The Risks of Tar Sands Pipelines

The Risk of A Spill

A recent National Academy of Sciences study confirmed that tar sands spills are much more difficult to clean up than ordinary crude oil spills. Because tar sands are more dense,  the bitumen they contain ends up sinking, and then settling into the sediment at the bottom of waterways. The traditional methods of skimming oil off of the top of water bodies after spills does not effectively clean up tar sands oil. Instead, bodies of water which experience a tar sands spill need to be dredged.  This expensive process can cause permanent damage to drinking water supplies, and the lasting impact of spills can damage ecosystem health and decrease property value.

Unfortunately, the sinking bitumen isn’t the only problem. The chemicals that are mixed with the tar sands in order to help it move through pipelines include various carcinogens, including benzene, hydrogen sulfide gas, and toluene. When a pipeline ruptures, these gasses enter the air, and can significantly endanger the health of those living nearby.

Enbridge History of Spills

Section of the pipe from the Kalamazoo spill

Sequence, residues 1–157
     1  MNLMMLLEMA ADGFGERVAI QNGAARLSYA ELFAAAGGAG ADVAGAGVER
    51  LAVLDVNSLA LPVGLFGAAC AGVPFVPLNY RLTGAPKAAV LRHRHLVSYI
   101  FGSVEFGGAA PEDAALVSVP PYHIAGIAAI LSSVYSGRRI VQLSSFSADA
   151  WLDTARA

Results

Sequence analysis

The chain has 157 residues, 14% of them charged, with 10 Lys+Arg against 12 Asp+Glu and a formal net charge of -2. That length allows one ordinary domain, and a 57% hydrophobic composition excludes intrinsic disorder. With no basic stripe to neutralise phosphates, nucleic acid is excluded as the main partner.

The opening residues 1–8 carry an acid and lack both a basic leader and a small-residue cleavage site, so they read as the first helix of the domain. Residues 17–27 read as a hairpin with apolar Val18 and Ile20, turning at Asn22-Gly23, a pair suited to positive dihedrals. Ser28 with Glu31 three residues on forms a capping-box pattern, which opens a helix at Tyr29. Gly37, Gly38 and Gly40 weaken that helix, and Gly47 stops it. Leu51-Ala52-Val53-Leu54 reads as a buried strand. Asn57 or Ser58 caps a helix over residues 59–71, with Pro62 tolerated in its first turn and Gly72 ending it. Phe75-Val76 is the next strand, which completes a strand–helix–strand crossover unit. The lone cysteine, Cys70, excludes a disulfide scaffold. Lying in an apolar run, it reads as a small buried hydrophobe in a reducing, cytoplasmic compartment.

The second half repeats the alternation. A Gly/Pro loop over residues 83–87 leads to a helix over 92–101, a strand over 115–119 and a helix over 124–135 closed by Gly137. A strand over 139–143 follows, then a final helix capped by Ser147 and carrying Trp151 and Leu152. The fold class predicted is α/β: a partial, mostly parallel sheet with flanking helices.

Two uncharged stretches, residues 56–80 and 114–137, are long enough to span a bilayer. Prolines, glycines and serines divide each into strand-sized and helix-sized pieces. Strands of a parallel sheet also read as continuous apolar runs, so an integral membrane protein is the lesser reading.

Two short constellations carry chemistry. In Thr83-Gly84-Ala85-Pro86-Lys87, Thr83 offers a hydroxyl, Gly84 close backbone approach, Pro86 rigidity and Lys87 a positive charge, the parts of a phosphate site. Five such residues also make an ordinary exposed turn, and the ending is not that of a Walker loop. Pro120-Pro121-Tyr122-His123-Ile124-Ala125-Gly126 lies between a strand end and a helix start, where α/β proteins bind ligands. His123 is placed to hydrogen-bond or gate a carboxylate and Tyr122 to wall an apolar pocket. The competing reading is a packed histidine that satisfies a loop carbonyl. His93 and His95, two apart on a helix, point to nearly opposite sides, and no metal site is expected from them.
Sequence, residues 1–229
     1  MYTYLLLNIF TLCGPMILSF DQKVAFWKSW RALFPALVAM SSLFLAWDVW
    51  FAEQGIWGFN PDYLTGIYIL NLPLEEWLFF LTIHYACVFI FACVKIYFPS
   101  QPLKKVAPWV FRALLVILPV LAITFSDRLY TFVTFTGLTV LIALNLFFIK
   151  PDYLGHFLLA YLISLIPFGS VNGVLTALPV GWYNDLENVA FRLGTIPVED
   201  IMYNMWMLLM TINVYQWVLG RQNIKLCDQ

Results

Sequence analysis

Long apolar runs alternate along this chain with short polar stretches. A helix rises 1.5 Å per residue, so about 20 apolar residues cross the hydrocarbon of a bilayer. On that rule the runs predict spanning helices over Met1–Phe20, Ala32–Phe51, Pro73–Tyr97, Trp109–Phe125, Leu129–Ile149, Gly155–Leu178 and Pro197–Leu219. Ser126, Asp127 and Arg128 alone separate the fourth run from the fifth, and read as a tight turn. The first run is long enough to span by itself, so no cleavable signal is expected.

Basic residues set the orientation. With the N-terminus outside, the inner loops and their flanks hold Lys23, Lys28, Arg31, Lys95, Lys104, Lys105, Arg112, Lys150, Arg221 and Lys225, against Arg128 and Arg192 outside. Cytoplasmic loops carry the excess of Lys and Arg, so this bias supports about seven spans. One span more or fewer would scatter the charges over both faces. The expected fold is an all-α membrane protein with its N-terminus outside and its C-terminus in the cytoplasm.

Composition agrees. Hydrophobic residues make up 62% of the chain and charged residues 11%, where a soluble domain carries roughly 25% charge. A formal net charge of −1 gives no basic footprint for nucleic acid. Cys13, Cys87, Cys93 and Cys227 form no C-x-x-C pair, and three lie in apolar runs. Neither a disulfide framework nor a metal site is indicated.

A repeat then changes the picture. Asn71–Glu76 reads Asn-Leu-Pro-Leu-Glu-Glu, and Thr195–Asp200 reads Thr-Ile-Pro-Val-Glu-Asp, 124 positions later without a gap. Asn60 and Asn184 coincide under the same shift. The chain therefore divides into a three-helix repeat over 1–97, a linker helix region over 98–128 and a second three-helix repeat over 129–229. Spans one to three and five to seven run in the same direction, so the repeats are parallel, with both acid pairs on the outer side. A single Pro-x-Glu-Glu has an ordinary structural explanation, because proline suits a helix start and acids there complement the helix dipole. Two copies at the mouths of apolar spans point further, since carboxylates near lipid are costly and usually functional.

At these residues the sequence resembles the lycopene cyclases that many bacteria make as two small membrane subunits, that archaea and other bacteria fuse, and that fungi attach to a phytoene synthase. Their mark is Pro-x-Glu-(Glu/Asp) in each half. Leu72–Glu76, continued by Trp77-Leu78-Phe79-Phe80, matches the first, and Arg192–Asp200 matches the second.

Section of the pipe from the Kalamazoo spill Photo Credit: National Transportation Safety Board

Between 1999 and 2010, there were over 800 spills from Enbridge pipelines, together releasing more than 6.8 million gallons of oil. Enbridge has been responsible for several significant spills in Wisconsin. In 2007, an Enbridge pipeline running through the heart of the state released more than 50,000 gallons of oil in Adams County, contaminating 17,000 tons of soil. Later that year, the same line ruptured again, spilling an additional 201,000 gallons of crude oil.

Enbridge is also responsible for most expensive inland oil spill in U.S. history. In July 2010, Enbridge’s Line 6B spilled approximately  one million gallons of tar sands oil into Talmadge Creek, which then flowed to Michigan’s Kalamazoo River. Because Enbridge failed to follow their own shutdown procedures, the spill continued for over 17 hours. The oil traveled 35 miles downstream, causing massive damage to the river, and impacting multiple industries in the area, including fishing and tourism. After a clean up process costing over $1.2 billion and requiring over 5 years, Enbridge has claimed that the clean up process has been completed. The EPA, however, says that a significant portion of the oil may never be fully removed from the Kalamazoo River.

One sobering fact to remember: The amount of oil that leaked from Line 6B into the Kalamazoo over 17 hours could gush from Enbridge’s massive Line 61 in less than 30 minutes. Our beloved St.Croix, Namekagon, Wisconsin and Rock rivers are all crossed by Line 61. Are we next?